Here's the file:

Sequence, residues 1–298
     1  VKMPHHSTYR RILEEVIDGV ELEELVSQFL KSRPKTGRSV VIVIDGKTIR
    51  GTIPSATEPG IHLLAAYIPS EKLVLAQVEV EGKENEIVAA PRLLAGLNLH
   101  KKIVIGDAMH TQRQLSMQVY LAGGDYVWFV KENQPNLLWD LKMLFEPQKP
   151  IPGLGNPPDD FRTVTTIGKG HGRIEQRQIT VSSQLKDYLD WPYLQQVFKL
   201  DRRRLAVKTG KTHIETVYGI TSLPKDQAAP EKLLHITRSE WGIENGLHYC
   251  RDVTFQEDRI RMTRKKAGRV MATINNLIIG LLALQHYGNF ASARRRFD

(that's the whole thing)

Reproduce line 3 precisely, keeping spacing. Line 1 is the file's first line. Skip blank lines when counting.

    51  GTIPSATEPG IHLLAAYIPS EKLVLAQVEV EGKENEIVAA PRLLAGLNLH